© 2017 by Peter Liem. Published by Ten Speed Press.

It’s been over a century since the first bottling of Champagne Salon in 1905.

April 20, 2017

While the majority of champagnes continue to be blended, the past thirty years have seen a remarkable emergence of single-­vineyard and single-­terroir champagnes. This movement has included some of the region’s most respected houses, such as Krug and Jacquesson, as well as grower-­producers like Tarlant, Larmandier-­Bernier, Jérôme Prévost, and Marie-­Courtin. A couple of estates, in fact, make nothing but single-­vineyard champagnes: Ulysse Collin currently has four, plus a rosé, while Cédric Bouchard is even more extreme at his Roses de Jeanne estate, bottling no fewer than seven different single-­vineyard wines. Chartogne-­Taillet and Marguet are two other producers who are placing increasing emphasis on single-­vineyard and single-­cru champagnes.

Below is a list of some notable releases.

1905: This is officially regarded to be the first vintage of Salon, although the house’s champagnes wouldn’t be commercially available for another two decades.

1935: Philipponnat makes the Clos des Goisses for the first time.

1952: Cattier makes a wine based on the Clos du Moulin in Ludes.

1971:  Pierre Péters introduces Cuvée Spéciale from Les Chétillons, first made as a Spécial Club.

1975: Drappier begins making the Grande Sendrée from a vineyard above the village of Urville.

1979: Krug begins bottling Clos du Mesnil from a walled vineyard in the center of Le Mesnil-­sur-­Oger.

1982: Tarlant bottles its Cuvée Louis.

1985: Jean Milan makes Terres de Noël in the village of Oger.

1989: Egly-­Ouriet introduces a blanc de noirs from a parcel of old vines in Ambonnay’s Les Crayères; Vilmart inaugurates its Coeur de Cuvée, from the vineyard of Blanches Voies in Rilly-­la-­Montagne; Pierre Callot bottles Avize Les Avats for the first time.

1990: Larmandier-­Bernier bottles a pure Cramant from the estate’s oldest vines; it eventually evolves into the Vieille Vigne du Levant.

1993: Veuve Fourny isolates a parcel outside its estate in Vertus called the Clos Faubourg Notre Dame.

1994: Anselme Selosse of Jacques Selosse purchases a small parcel of pinot noir in Aÿ’s Côte Faron and begins bottling it as a separate cuvée called Contraste. Also, Georges Laval begins making Les Chênes, from the Cumières vineyard of the same name. Larmandier-­Bernier creates Terre de Vertus.

1995: A remarkable number of single-­terroir wines emerges during what is the first high-­quality vintage since 1990. Jean Vesselle begins bottling Le Petit Clos from a tiny vineyard in Bouzy; Diebolt-­Vallois introduces Fleur de Passion from some of its oldest vines and finest terroirs in Cramant; Agrapart et Fils makes L’Avizoise, from two parcels on the hillside above Avize; Pierre Callot bottles the Clos Jacquin, also in Avize; Jacquesson makes chardonnay from the Corne Bautray vineyard in Dizy as an experiment; Krug isolates a small, walled parcel that it calls Clos d’Ambonnay; Billecart-­Salmon makes a wine from Clos Saint-­Hilaire in Mareuil-­sur-­Aÿ.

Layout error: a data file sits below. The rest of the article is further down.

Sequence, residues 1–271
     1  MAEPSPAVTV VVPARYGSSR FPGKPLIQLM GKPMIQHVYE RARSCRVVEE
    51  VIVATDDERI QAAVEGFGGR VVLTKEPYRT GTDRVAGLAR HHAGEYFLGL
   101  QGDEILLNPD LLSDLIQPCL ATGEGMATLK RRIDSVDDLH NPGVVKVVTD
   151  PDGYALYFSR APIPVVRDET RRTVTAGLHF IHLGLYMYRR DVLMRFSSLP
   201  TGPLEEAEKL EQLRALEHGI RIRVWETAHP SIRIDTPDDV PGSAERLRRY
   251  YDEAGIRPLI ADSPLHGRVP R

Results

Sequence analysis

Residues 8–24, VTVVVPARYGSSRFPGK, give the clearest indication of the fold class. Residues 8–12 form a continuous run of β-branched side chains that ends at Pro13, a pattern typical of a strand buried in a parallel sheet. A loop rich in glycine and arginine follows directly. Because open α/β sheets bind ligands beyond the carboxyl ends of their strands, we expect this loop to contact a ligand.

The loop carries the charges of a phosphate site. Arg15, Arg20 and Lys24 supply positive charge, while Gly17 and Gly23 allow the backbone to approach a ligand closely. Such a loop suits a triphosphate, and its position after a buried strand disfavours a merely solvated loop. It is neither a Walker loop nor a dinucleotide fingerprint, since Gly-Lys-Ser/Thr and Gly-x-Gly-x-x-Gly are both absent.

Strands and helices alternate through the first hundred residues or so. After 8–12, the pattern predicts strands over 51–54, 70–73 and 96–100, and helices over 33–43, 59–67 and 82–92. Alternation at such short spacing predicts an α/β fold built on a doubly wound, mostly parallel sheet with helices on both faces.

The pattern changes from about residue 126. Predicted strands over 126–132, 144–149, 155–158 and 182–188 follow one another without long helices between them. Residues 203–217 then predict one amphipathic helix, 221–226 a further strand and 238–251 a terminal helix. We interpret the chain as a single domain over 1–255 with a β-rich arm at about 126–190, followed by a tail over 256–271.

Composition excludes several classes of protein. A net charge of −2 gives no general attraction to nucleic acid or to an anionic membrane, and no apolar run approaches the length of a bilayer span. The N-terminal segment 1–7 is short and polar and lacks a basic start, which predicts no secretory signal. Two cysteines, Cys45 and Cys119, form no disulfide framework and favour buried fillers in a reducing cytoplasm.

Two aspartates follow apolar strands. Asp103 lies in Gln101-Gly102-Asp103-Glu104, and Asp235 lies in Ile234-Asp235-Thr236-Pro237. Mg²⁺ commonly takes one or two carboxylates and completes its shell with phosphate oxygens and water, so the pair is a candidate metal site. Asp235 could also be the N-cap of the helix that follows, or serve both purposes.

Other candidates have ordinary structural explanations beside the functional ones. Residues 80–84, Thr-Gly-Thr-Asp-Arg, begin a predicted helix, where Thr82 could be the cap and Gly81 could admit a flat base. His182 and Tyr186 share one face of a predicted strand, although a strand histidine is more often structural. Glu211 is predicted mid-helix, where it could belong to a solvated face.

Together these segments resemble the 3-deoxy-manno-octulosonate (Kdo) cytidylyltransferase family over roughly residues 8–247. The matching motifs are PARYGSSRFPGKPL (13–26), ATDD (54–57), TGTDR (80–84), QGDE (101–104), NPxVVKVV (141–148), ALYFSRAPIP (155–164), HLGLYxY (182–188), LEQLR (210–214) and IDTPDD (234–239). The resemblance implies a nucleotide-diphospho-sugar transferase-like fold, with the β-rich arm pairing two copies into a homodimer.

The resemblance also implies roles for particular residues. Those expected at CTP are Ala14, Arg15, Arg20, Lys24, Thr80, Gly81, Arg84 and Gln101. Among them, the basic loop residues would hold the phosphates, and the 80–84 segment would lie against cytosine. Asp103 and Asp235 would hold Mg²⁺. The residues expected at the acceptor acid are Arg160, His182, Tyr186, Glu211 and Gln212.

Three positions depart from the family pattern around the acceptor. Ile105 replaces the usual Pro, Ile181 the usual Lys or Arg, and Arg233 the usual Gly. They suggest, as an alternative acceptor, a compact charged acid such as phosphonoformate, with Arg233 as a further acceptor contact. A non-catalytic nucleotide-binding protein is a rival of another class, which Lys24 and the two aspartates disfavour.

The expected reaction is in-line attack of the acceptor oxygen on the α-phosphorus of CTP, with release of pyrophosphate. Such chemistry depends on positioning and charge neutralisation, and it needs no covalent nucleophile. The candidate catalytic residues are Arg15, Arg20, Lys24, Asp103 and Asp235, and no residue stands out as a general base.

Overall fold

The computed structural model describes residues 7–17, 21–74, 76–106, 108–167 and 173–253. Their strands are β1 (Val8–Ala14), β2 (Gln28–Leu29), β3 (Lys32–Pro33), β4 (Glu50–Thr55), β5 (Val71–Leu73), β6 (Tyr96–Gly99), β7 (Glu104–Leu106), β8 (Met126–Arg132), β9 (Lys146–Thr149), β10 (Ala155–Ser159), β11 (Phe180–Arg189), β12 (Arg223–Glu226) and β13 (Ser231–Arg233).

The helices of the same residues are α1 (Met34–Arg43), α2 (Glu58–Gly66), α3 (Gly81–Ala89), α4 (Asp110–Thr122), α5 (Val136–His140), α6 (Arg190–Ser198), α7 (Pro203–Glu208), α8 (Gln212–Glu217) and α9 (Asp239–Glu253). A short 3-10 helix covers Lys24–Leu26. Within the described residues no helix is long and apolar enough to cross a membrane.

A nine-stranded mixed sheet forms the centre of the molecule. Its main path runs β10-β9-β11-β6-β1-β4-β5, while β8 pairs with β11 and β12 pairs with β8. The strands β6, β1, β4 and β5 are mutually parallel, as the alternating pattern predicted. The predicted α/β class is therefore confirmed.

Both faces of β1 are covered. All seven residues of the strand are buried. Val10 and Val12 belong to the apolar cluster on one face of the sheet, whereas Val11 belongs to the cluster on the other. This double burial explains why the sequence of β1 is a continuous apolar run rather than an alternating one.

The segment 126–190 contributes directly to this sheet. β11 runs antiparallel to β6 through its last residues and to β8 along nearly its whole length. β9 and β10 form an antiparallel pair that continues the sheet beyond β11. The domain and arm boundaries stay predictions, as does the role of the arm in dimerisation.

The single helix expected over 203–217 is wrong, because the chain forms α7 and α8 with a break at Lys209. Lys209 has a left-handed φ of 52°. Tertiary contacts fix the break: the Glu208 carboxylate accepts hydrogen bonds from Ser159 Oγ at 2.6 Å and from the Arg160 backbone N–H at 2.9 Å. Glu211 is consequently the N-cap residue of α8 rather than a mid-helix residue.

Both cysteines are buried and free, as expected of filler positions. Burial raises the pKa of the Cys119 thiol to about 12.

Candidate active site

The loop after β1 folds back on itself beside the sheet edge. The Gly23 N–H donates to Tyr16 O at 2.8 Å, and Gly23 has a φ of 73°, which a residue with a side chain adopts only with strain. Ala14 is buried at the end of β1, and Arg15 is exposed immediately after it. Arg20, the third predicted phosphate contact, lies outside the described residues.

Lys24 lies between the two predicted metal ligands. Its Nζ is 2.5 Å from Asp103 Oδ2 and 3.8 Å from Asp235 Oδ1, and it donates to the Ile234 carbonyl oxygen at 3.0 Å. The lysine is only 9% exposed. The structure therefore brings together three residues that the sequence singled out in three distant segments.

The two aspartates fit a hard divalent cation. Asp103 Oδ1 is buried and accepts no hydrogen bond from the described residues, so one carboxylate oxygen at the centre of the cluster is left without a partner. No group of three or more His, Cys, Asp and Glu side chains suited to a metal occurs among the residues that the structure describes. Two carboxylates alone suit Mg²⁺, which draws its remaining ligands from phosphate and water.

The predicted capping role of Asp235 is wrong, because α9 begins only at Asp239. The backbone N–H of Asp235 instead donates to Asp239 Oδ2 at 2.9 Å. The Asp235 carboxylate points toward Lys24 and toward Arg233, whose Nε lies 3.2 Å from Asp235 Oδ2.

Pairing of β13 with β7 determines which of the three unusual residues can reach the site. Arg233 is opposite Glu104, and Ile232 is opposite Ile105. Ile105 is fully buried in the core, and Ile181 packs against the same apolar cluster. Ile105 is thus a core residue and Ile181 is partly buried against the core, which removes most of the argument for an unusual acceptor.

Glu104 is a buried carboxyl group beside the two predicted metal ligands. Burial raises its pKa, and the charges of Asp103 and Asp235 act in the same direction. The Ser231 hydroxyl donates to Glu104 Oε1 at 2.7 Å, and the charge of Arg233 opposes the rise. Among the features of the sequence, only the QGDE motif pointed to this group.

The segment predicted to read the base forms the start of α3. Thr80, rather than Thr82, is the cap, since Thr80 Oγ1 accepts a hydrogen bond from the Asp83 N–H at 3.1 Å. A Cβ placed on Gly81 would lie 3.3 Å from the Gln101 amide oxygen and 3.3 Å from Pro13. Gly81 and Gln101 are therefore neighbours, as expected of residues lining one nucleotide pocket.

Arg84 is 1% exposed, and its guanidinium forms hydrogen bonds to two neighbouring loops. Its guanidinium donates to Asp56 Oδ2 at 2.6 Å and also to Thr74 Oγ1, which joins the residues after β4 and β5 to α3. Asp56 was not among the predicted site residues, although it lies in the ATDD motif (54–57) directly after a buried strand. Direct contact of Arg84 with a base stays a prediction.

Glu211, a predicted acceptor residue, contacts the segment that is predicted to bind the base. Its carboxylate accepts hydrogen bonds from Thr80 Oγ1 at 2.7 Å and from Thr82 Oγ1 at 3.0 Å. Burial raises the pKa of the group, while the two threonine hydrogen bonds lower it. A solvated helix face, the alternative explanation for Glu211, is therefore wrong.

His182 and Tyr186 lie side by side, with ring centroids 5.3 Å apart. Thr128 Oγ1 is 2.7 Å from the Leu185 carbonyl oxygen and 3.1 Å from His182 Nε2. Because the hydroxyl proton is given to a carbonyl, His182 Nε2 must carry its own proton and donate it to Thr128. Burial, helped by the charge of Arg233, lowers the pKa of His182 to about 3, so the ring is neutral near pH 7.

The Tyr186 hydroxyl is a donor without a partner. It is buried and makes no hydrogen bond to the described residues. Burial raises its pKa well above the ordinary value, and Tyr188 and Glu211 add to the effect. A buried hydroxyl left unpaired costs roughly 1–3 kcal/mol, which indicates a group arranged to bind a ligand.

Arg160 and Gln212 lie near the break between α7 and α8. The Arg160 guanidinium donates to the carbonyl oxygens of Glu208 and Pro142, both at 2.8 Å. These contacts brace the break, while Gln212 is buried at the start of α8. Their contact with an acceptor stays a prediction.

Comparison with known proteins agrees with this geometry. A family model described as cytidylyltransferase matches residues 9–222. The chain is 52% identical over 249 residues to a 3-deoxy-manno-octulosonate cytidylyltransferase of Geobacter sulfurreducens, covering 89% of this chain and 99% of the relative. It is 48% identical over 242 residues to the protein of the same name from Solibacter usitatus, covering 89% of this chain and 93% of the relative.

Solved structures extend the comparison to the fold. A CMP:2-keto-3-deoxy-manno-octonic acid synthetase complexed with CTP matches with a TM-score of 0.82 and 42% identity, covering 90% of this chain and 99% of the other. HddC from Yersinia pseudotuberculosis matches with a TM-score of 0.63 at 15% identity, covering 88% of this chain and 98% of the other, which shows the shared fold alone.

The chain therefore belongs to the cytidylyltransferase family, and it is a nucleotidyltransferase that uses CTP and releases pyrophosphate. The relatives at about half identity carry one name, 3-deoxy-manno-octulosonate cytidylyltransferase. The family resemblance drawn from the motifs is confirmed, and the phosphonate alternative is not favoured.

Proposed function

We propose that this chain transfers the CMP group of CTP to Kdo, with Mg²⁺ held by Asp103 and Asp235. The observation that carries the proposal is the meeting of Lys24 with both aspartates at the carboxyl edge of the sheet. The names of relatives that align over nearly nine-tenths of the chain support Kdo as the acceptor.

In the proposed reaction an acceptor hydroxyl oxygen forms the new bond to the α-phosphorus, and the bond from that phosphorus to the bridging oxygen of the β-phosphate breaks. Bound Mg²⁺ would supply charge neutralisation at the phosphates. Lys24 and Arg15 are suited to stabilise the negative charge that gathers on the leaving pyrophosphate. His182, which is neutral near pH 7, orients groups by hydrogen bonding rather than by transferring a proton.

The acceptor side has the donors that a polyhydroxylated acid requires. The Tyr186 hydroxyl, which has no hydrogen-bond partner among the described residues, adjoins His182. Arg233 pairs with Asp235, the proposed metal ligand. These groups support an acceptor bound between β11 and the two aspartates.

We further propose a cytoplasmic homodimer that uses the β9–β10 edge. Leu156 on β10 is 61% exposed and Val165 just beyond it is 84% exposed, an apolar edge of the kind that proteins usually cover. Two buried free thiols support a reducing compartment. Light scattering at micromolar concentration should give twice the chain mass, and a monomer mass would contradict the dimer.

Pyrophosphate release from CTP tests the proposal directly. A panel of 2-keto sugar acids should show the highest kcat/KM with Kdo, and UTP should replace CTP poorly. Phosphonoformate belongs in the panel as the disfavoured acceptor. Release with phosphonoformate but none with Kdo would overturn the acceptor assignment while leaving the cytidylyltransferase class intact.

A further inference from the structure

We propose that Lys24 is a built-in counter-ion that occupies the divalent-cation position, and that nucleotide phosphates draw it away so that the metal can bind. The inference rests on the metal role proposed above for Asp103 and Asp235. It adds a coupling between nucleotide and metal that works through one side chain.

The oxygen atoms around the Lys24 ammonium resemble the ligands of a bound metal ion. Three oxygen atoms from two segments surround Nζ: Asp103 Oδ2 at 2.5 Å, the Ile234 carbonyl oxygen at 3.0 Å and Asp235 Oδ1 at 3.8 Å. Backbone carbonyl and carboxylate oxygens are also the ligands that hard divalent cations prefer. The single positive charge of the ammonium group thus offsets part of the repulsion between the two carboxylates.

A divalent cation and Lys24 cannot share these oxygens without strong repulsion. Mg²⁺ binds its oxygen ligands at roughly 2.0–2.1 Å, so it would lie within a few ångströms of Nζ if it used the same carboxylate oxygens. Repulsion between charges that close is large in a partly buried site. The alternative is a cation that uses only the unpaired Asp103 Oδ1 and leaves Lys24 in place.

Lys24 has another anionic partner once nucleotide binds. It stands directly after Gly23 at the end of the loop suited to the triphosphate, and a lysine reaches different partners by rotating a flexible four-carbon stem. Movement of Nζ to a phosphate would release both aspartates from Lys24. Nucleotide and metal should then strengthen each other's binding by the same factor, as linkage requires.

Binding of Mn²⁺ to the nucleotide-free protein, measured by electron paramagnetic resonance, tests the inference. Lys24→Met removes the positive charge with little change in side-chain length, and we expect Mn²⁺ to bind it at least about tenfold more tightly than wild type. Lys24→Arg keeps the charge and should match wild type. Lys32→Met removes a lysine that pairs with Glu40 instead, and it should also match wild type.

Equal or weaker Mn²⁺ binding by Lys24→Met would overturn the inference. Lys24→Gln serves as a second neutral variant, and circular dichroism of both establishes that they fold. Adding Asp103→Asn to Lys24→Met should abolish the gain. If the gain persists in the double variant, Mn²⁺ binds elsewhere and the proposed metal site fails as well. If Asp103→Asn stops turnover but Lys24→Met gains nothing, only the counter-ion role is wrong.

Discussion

1996: Jacquesson isolates the Vauzelle Terme in Aÿ, making a wine that plants the seeds for a radical rethinking of the house’s philosophy.

1998: Jérôme Prévost bottles the first vintage of Les Béguines.

1999: David Léclapart bottles L’Apôtre from his oldest parcel of vines, planted by his grandfather. Tarlant creates two other single-­vineyard wines—­La Vigne d’Antan, a chardonnay from ungrafted vines, and La Vigne d’Or, from an old parcel of meunier vines.

2000: Cédric Bouchard of Roses de Jeanne begins making Les Ursules.

2001: Agrapart et Fils adds Vénus to its lineup, named for the horse who plows the parcel from where it’s sourced.

2002: Emmanuel Brochet begins making wine from his vineyard of Le Mont Benoît. Taittinger also begins making Les Folies de la Marquetterie.

2003: Anselme Selosse begins a remarkable exploration of the terroir of six single-­vineyard sites; Vouette & Sorbée makes a Saignée de Sorbée for the first time.

2004: Vouette & Sorbée makes Blanc d’Argile from chardonnay vines in Buxeuil. Ulysse Collin begins bottling Les Pierrières (labeled simply as Blanc de Blancs).

2006: In the Aube, Marie-­Courtin makes Resonance and Eloquence, and Coessens begins making wine from Largillier. From a walled vineyard within Reims itself, Lanson makes the Clos Lanson. Chartogne-­Taillet bottles Les Barres for the first time, from a parcel of ungrafted meunier vines.

2008: Marguet inaugurates a new series of single-­vineyard champagnes with the first bottling of Les Crayères.


Reprinted with permission from Champagne: The Essential Guide to the Wines, Producers, and Terroir of the Iconic Region, copyright 2017 by Peter Liem. Published by Ten Speed Press, an imprint of Penguin Random House LLC. Photography copyright 2017 by Gentl and Hyers.

 

 © 2017 by Peter Liem. Published by Ten Speed Press.

Champagne: The Essential Guide to the Wines, Producers, and Terroir of the Iconic Region by Peter Liem, Ten Speed, 2017. Pre-order $47, amazon.com.